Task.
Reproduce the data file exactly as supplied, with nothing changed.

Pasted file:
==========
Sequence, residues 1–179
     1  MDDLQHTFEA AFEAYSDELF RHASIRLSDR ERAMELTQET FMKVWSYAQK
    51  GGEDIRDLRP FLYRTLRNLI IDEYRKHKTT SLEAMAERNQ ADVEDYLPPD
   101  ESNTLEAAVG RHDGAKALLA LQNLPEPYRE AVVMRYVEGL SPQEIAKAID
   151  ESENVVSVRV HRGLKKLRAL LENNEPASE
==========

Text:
Sequence, residues 1–179
     1  MDDLQHTFEA AFEAYSDELF RHASIRLSDR ERAMELTQET FMKVWSYAQK
    51  GGEDIRDLRP FLYRTLRNLI IDEYRKHKTT SLEAMAERNQ ADVEDYLPPD
   101  ESNTLEAAVG RHDGAKALLA LQNLPEPYRE AVVMRYVEGL SPQEIAKAID
   151  ESENVVSVRV HRGLKKLRAL LENNEPASE